Mailer rightly puts at the heart of the matter the impact of 9/11 on American society. But it was not just a matter of social demoralization, as he says. It is the probability, or certainty, that terrorists already have weapons of mass destruction in their possession. This should surprise no one, since so many sources are on the loose around the world. The truly demoralizing fact after 9/11 is that, of ten terrorist attempts, nine will be stopped. Why Norman Mailer doesn’t even mention, let alone take account of this fact, is puzzling and, finally, infuriating.

As for the over-focus on President Bush himself and his machismo antics: Bush is at once too easy and too difficult a target. Antics, certainly. But it isn’t convincing to criticize Bush’s morale-building (for the military and public opinion), and electorate-building (for himself and his party), when they are both arguably legitimate purposes. Bush can be opposed politically, but does it really get a hook into him to mock building morale and trying to get reelected? Antics aside, what is he supposed to do? Or is it only the antics?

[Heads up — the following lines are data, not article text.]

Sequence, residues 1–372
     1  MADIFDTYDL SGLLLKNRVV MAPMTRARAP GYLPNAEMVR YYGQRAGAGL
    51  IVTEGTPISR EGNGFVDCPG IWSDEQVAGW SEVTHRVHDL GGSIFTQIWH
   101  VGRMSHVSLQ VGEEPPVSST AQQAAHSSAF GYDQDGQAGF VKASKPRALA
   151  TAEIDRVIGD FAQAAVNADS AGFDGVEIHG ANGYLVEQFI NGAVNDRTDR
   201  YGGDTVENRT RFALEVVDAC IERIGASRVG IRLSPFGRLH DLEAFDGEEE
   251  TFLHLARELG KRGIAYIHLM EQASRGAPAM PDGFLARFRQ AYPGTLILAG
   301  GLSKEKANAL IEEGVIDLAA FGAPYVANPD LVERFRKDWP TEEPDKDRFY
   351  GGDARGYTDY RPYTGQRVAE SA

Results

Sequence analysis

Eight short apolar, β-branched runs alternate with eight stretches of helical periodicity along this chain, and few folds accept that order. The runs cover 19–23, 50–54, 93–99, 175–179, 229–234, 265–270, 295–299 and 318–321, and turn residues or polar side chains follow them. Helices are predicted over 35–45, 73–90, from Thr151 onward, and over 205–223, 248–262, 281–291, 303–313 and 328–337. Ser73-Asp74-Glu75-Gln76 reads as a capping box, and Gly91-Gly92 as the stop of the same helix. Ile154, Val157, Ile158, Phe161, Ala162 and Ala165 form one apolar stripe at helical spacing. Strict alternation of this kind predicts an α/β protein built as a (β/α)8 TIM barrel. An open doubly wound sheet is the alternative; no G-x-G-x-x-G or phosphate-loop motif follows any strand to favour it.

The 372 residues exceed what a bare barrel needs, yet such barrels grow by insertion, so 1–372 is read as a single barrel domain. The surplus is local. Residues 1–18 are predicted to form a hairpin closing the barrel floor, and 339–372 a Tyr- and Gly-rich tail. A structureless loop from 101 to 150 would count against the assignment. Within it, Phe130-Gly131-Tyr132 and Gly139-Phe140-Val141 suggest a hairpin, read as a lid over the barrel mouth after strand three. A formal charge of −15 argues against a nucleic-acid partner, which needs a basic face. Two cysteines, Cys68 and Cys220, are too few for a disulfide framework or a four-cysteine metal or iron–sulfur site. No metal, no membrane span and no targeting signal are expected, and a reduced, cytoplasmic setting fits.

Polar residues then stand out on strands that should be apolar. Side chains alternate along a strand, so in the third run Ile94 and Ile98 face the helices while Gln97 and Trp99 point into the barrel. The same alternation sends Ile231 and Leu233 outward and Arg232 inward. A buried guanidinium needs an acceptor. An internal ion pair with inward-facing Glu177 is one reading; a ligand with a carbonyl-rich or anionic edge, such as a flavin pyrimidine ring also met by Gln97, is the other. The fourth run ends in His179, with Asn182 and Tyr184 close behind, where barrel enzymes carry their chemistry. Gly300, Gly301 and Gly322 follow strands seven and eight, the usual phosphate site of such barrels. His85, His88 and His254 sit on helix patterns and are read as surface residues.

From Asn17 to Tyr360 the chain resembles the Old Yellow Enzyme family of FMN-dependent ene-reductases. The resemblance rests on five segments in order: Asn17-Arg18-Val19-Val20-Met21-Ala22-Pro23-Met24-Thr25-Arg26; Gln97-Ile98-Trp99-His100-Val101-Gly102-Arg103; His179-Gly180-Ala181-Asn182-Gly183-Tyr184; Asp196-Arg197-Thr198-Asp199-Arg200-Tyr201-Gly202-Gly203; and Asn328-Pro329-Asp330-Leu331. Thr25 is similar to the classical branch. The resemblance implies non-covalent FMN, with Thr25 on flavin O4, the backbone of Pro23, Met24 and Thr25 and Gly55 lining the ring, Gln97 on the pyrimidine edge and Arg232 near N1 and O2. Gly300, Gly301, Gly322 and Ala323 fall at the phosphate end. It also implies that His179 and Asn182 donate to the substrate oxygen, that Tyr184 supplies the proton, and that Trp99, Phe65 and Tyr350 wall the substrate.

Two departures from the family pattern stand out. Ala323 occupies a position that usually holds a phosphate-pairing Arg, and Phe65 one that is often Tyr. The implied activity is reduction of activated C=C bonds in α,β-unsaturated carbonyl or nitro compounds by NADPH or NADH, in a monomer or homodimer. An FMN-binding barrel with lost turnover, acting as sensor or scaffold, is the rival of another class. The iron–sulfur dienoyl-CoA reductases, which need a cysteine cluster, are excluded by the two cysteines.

Second is the 800-pound gorilla in the room, which Mr. Mailer does not seem to notice. Where are Afghanistan and al-Qaeda in “Unburdened”? Nonexistent? Irrelevant to Iraq? The threat of catastrophic terrorism and the geopolitical justification (accepted or rejected) for the Iraq war were not simply shaken out of thin air. Mailer needs to be held to account for his views, or lack of them, on this score.

Third, Mailer on machismo, American cultural images, and the changing racial balances on sports teams: Striking as his insights are, is such “evidence” necessary, let alone sufficient explanation for foreign policy? I hope not.